Painfully right

There is a danger in feeling one is ‘right’, which is slightly different from feeling ‘justified’. Obviously, one may know one is not right in taking a certain course of action, but still feel justified based on some personal sense of revenge, need to retaliate, or defend etc.

But for this exploration I’m concerned only with being right. By ‘right’ I mean as correct as saying 1 + 1 = 2 (or 3 + 4 = 5 if added vectorially). However, this discourse is not about mathematics in itself. It is about a kind of logic that depends on mathematical logic i.e. Boolean logic.

  • In simple language if A = C and B = C it would be reasonable to say A or B = C.
  • In another example, if D and E and F = G, it is reasonable to say that E and F do not amount to G. (mathematically this could be D = 2, E = 3, F = 4, G = 9, so it is clearer that 3 + 4 is not equal to 9).  ‘And’ in this sort of analysis means that the two must go together all the time. In mathematics ‘and’ means a ‘plus’ sign.
  • Deductive logic is based on such a form of ‘mathematical’ reasoning. But I will go no further on any of that. If you really need more information, Google is your friend (not me).

I’ll give an example in an issue about compensation.

  1. For X to be compensated a structure N must be damaged.
  2. The evidence available is that structure T enclosing N has been damaged
  3. There is no evidence that N is damaged (and it is certainly possible for N to remain perfectly in tact even if T is damaged).
  4. But stick with the facts; there is only evidence of T being damaged, not N. To say that N is damaged because T is damaged is an ‘inference’ or supposition, not a fact based on the available evidence.
  5. The claimant has pain resulting from painful sensitivity of N being exposed because T (which covers N), is damaged.
  6. There is also reliable information that if T was not damaged N would not be exposed, and that the Claimant X, would not experience  painful sensitivity.
  7. Any assertion that N is damaged, is incorrect. it cannot be logically inferred AND there is no evidence of ‘damage’ to N.
  8. Any assertion that painful sensitivity of N, is equivalent to damage is an inference. Why? Because damage to N would invariably (as a matter of fact and evidence) lead to no sensation, not painful sensitivity. In any event exposure of N or sensitivity, is not damage to N.

Why is any of this important? People like to be right – yes I’m included. But being right is not just about whether a majority of people agree with you on a particular point. A majority of supporters may give a feeling that one is right – and it’s great to have support for one’s opinions. However, there is a problem: a majority could all be wrong! And the point of all the above examples is about this:

Being wrong can be due to

  1. the evidence being absent to support the application of logic.
  2. getting the logic wrong.

Here’s an interesting example:

  1. Man goes into hospital for severe complication of an infection with fever.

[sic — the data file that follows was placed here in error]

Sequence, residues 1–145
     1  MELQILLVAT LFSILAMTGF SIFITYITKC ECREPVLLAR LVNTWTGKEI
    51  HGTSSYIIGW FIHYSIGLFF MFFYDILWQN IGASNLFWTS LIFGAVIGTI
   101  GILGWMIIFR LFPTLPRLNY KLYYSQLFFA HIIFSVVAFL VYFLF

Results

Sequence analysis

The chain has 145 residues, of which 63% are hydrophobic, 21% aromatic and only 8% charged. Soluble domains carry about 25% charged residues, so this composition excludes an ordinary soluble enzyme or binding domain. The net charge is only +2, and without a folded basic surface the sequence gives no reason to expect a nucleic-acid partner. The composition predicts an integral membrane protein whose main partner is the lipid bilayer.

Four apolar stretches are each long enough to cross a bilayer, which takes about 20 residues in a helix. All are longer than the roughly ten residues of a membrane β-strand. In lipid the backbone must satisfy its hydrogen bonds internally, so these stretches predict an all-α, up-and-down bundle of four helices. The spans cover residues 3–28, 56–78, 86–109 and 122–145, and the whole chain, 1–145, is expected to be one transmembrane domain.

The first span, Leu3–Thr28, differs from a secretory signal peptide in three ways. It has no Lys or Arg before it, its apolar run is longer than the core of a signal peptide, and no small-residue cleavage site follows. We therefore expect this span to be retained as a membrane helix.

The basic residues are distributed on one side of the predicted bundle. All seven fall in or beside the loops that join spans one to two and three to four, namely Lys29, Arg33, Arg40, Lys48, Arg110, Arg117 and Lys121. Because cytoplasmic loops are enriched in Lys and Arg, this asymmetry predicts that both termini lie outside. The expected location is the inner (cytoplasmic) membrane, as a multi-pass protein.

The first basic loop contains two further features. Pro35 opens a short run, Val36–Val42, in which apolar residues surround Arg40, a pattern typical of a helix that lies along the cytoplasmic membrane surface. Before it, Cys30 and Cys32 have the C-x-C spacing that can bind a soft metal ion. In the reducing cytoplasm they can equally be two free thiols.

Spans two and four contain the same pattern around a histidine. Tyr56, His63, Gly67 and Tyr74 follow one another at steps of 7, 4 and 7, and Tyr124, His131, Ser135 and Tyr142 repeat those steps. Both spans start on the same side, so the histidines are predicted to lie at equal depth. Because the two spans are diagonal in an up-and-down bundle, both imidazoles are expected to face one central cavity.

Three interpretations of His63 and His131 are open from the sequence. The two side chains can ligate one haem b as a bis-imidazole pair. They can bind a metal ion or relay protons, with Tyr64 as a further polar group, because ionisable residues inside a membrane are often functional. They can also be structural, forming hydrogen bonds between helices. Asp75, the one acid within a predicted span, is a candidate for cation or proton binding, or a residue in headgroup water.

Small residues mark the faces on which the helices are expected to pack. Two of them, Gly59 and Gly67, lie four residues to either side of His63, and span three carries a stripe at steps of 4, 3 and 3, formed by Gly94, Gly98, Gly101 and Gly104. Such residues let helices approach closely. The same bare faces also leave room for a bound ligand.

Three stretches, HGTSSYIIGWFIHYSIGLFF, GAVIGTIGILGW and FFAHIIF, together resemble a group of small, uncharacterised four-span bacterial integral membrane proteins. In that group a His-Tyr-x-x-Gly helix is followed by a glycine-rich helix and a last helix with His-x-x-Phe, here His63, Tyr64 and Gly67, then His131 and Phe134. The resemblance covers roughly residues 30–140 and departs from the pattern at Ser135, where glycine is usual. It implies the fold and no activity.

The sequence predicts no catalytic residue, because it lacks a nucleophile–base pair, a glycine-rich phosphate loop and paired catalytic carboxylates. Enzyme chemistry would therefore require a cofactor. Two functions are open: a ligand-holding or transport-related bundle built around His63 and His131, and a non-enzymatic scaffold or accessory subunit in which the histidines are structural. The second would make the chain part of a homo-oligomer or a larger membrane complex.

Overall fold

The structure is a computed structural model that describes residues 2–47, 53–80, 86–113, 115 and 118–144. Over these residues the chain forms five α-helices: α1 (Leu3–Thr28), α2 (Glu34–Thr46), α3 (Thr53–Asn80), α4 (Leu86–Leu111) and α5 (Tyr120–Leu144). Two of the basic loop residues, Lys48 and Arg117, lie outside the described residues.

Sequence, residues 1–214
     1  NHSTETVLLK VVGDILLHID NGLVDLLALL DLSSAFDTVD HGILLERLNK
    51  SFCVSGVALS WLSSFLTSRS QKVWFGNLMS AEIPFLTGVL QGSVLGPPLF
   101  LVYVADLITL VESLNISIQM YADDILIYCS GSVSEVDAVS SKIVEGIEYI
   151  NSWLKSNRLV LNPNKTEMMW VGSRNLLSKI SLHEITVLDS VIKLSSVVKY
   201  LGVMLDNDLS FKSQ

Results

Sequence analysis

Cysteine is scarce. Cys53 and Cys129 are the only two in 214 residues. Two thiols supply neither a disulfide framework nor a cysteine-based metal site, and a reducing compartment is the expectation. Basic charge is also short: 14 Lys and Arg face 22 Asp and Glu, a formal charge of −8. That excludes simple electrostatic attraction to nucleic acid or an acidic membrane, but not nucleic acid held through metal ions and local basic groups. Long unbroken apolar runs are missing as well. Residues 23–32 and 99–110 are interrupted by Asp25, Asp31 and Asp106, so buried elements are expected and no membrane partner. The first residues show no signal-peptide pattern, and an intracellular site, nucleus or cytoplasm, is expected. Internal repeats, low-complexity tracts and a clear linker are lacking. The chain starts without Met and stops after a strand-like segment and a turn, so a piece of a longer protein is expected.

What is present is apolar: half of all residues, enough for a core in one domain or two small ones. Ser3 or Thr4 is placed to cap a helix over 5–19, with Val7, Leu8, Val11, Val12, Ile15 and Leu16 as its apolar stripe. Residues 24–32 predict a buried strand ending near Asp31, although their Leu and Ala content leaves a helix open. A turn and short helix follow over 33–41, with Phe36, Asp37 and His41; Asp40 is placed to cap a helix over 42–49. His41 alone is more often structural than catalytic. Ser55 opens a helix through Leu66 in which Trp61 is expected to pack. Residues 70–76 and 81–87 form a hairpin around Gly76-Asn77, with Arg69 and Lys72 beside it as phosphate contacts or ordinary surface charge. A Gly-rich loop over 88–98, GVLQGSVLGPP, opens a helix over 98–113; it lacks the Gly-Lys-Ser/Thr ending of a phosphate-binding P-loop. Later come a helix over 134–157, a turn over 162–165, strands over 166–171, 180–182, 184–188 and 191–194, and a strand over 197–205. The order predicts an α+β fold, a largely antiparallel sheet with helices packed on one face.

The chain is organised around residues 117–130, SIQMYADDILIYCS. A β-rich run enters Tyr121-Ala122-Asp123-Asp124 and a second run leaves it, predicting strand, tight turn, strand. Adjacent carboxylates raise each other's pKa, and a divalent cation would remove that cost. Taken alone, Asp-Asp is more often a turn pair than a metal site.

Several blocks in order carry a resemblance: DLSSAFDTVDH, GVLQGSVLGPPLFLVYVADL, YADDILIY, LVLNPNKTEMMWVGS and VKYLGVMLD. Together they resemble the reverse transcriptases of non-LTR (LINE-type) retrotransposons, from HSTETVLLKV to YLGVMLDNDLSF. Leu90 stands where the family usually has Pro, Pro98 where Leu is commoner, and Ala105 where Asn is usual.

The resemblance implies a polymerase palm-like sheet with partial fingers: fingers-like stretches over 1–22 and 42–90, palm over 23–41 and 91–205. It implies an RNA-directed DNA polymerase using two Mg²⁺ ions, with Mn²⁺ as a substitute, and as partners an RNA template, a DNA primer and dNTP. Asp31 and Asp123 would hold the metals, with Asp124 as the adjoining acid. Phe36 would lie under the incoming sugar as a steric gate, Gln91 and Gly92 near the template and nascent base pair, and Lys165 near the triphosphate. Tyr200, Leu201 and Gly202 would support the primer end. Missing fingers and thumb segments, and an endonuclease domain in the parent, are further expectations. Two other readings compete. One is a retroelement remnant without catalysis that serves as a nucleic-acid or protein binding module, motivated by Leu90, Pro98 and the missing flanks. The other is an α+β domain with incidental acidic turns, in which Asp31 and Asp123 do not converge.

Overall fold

2. His condition is treated really ‘aggressively’ ( – did I say the man was treated ‘aggressively’? Chrysst!!)
  3. There is no perceivable progress in his condition after 3 days.
  4. His relative secretively brings him a traditional potion, which he in desperation, secretively consumes.
  5. The next day he feels much better and the fever is remarkable down.
  6. Man concludes, “A dollop of the old ‘home remedy’ has worked where all the doctors with their chemicals failed”.
  7. Man declares the remedy as he is about to discharge himself from hospital.
  8. The doctors examine the ‘remedy’ and assert, “We’re sorry but there is no active agent in this that could combat the serious infection you had.
  9. Man asserts, “Be that as it may, all I know is that my fever is gone in a short amount of time after taking it, and your drugs did nothing after 3 days! I’m out of here!

The man is wrong! His sense of emotional relief from suffering and worry about death has clearly suspended his logic. He’s switched smack bang into System 1 thinking and shut down System 2 thinking. [For those who don’t know about it, read Kahneman (or not, to demonstrate your stubbornness) –  Google is your friend, not me.]

He’s wrong on two counts:

  1. He is the victim of more than one logical fallacy – just for adopting System 1.
  2. His evidence is limited, misapplied, and he disregards expert evidence that the potion in question has no active agent against infection.

Outcome: Man suffers a relapse of the infection which is more serious than the first time. Man then blames doctors for weakening his body with dangerous chemicals and refuses to return to hospital, fearing they will kill him for sure. Man dies, happy in the knowledge that he is right – having taken even bigger doses of said ‘home remedy’, whilst waiting for his relief! He’s relieved the world of his stupidity. Am I sad? [You want to know who is this man. Does it really matter? I give up!!]

Stupidity kills  – it’s a very potent killer, and cheaper than poison or weapons of mass destruction.  You can quote the infamous Captain Walker on that.

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